H4 Forge: Polygons for palette objects

For Halo 4 forge…

How many people would prefer to have just the simply polygon (triangle) object as the palette object to forge with, if the forge came with the ability to size, color, texture, and combine the polygons into any object you wanted to make, and you could save it in your personal or community library for reuse over and over again?

I would prefer it over anything, because with patience I can make anything. i could make high performance (objects that do not induce low frame rates) large objects to look like anything. it may be more work, but it is far less frustrating.

As an alternate map editor, sure. That’d be a great idea.

But this is basically modeling a map as a 3D mesh, from the ground up. Way too difficult for most Halo players – myself included – and replacing Forge with it would prevent a lot of people from expressing their creativity and keeping the game alive.

It could exist side-by-side with Forge – which would open a lot of interesting possibilities, especially if the two systems can be applied to the same map…

Just FYI, I was not referring to editing the entire map, but just the objects you want to add to the map.

And I would argue that it would not be an alternate forge tool, but that it could have a palette with predefined objects, and then at the bottom the polygon from which you can create your own library of objects. that way a forger can use the predefined objects and then when there isn’t anything that matches that one rounded corner that they need to create, they have the ability to make a new object.

I know there are a lot of things that people would like to see in the next forge, but if there was only one thing that got added to forge I would love for it to be just one more object in the palette - the polygon - and all the necessary properties and functionality to create new objects from it.

No competent studio would ever waste manpower, time and money on advanced, hard to use features almost no one would ever use.

Forge exists because it is EXTREMELY simple to use - yesterday I had a friend who never played Halo come over and he immediately learned how to use the Forge.

And you can’t forget you are using an Xbox controller - not a mouse and a keyboard.

> No competent studio would ever waste manpower, time and money on advanced, hard to use features almost no one would ever use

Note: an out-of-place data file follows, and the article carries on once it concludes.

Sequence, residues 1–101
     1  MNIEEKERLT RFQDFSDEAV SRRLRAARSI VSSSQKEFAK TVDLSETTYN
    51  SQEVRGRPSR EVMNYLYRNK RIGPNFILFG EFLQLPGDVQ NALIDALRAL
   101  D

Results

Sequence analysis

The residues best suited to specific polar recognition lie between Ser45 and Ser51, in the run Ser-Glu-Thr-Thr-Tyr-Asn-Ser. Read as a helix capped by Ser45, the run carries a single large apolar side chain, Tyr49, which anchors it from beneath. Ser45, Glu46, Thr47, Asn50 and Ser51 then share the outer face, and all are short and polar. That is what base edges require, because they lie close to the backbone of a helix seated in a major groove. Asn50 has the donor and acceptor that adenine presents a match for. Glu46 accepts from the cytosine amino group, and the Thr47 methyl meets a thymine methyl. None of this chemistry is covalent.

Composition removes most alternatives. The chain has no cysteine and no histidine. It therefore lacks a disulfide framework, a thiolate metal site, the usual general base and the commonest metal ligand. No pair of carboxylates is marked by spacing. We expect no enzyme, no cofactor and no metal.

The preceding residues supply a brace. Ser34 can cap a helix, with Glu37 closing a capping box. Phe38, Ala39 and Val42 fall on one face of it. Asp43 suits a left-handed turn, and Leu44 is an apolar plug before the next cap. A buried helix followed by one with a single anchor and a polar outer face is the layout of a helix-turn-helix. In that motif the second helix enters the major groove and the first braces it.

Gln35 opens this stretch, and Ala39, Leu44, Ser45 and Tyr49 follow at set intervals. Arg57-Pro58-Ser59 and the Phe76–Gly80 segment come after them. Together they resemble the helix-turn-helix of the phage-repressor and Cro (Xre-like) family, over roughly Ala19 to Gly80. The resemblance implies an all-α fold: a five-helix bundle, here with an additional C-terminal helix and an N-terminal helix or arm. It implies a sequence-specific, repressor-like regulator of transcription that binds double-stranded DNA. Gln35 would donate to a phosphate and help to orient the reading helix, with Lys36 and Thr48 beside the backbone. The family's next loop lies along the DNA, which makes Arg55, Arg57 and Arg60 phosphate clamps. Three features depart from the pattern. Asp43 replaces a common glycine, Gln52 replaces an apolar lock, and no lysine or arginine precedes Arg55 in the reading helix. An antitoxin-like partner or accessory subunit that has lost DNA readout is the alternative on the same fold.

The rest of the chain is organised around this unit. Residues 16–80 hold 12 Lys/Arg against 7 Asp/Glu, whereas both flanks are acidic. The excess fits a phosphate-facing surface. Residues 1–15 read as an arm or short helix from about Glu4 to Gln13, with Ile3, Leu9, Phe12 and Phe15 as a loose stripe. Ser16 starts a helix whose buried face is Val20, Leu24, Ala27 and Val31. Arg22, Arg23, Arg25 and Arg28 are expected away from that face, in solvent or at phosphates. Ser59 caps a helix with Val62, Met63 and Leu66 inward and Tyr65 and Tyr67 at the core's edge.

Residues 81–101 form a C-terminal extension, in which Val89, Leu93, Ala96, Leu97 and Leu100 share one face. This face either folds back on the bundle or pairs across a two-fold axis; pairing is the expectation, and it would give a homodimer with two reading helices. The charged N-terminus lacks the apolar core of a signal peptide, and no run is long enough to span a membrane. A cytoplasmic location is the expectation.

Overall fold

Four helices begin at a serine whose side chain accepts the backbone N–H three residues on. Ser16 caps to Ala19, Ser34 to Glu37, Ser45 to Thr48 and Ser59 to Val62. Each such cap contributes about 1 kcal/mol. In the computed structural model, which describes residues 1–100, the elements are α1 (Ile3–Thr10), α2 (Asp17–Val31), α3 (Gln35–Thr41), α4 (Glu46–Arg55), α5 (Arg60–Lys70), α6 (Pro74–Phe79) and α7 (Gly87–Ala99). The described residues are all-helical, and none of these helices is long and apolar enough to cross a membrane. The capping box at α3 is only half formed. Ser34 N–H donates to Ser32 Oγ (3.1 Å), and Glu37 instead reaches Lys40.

http://www.forgehub.com/

> > No competent studio would ever waste manpower, time and money on advanced, hard to use features almost no one would ever use
>
> http://www.forgehub.com/

Forge is not hard to use, and far more people use it than you think. Its implementation is also (comparatively) very simple.

Try again.

> > > No competent studio would ever waste manpower, time and money on advanced, hard to use features almost no one would ever use
> >
> > http://www.forgehub.com/
>
> Forge is not hard to use, and far more people use it than you think. Its implementation is also (comparatively) very simple.
>
> Try again.

He was saying that a polygon object and the necessary additional support and properties to form aggregates would be used so little and so difficult to use that no studio would develop the feature set. I don’t know that I agree, but it is a decent argument. I personally think that if 343i introduced a basic functionality, even if clunky, plenty of people would use it to form new objects. I believe there is a craving within the community, an overwhelming craving to go beyond anything that has been done to date. I believe a lot of people are technical and patient enough to work through what ever hoops they are handed, whatever prehistoric tools they are given.

The reason I believe this is two fold. Firstly, H3 forge was far more cumbersome than what I am describing for any forger to endure, and yet a number of good maps came out of it. Enduring patience was essential. Second, forge 2.0 has generated a tremendous number of maps, because it is so easy to use. But they all have the problem of duplicating each other. There are so many boundaries that keep creativity bound up that to cut through it would cause, I believe, an explosion, though perhaps slow and small, of unprecedented concepts in architecture.

And it would not be such a bad thing to raise the pain bar on forging great maps again. Plenty of noobs would quit forging, while the real pros do great and amazing art work.

In retrospect, you could argue that his argument falls on its face in light of H3 forge. But I said all I need to say on this point. I leave it to you all to discuss further before I say more…